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    I think that "perfect(ly)", and "exact(ly)" are ungradeable, but that "precise(ly)" is gradeable because there are levels of precision.
    – Greybeard
    Jan 1, 2021 at 11:43
  • @Greybeard, Thank you for the advice. I didn't know the nuance of it. I agree with you.
    – gomadeng
    Jan 1, 2021 at 12:27
  • This suggests "greater exactness" is meaningful, as exactness is a measure of how precise a measurement is: en.wikipedia.org/wiki/Measurement#Exactness_designation
    – Stuart F
    Jun 28, 2021 at 10:19
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You need an expression which could introduce a more detailed description of what you have just said. That is (to say) is a very common phrase that could be used:

said when you want to give further details or be more exact about something:

  • I'll meet you in the city, that is, I will if the trains are running. (Cambridge)

Another option would be namely which has the advantage of being short, but for an academic work specifically might be the best. It means:

clearly, exactly, or in detail:

  • Specifically, these reviews quantify the amount of fraud, customer error, and official error (error by government employees) affecting benefit claims. (Cambridge)

So your example could be written in this way:

We use a refrigerator with the temperature set to -7C to freeze the solution. (More) specifically/ That is (to say)/ Namely, we need to pour the solution into a special container to let its temperature become equal to our room's temperature before putting it into the refrigerator.

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  • It is not clear what makes the second sentence of the example more specific than the first. As has been pointed out by Killing Time, below the question, the second sentence seems to be about an entirely separate step of the process. The question, as formulated, is not really answerable, because the OP's use of precisely and exactly is odd, in the first place.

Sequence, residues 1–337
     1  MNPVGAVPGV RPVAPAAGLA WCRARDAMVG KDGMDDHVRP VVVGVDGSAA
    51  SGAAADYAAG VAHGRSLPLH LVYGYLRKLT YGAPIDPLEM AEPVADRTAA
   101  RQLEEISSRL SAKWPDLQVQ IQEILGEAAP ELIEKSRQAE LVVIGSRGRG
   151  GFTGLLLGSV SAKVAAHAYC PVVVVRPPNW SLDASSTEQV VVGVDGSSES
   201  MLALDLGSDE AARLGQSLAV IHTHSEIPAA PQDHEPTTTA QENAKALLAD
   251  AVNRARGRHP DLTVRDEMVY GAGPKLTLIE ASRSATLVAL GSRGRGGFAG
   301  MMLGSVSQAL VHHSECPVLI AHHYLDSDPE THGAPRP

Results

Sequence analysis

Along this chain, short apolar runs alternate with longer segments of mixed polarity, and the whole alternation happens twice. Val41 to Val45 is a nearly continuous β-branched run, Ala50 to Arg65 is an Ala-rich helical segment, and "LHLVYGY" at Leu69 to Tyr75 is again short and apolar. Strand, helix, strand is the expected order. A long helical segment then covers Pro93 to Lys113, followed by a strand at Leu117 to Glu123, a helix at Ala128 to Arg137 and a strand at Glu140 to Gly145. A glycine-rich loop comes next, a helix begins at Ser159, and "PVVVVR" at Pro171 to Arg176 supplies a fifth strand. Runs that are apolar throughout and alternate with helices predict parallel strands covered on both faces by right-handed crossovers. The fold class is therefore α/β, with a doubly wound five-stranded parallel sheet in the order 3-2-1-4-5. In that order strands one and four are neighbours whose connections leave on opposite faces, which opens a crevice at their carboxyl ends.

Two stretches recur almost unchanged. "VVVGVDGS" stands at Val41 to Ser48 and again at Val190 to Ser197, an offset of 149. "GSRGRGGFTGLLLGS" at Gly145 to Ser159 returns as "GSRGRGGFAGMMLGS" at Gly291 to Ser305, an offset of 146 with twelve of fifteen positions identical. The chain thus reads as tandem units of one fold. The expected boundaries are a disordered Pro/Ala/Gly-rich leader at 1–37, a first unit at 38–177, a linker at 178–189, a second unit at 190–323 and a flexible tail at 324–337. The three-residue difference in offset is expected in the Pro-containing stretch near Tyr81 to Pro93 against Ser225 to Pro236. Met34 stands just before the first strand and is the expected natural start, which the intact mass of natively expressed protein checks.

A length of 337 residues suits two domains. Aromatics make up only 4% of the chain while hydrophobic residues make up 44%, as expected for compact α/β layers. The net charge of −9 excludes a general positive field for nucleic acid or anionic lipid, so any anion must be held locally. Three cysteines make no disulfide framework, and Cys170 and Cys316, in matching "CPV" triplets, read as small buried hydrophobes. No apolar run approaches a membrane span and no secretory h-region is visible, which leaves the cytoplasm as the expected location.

– jsw29
    Jun 28, 2021 at 16:25
  • I agree, but I also disagree. The OP says: "A. More specifically, this is how we get to A."
    – fev
    Jun 28, 2021 at 21:36
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I would consider the issue of overall conciseness. The active voice is fine; however, you could consider using the passive voice, which is very common in scientific writing, especially in the Materials and Methods section. It avoids many repetitions of the pronoun indicating who is doing the steps and puts the focus on the steps themselves.

For example

The solution was poured into a special container, allowed to reach room temperature, and then frozen at -7°C.

unless, of course, there is something particular or unusual about any of these step. (If others may adopt or repeat your process, you may want to describe or explain in what way the container was "special.")

If you are explaining in more detail a previous step, you could make the connection with Specifically, the solution was..., as suggested in another answer.

There is nothing wrong with the active-voice version: We poured the solution into a special container, allowed it to reach room temperature, and then froze it at -7°C, but I think being concise actually helps comprehension in cases like this. An advantage of the passive voice is that, in the long run, it can save space, which is a major consideration in journal publication. In a report, this could free up room for text or a figure you are leaving out for space considerations.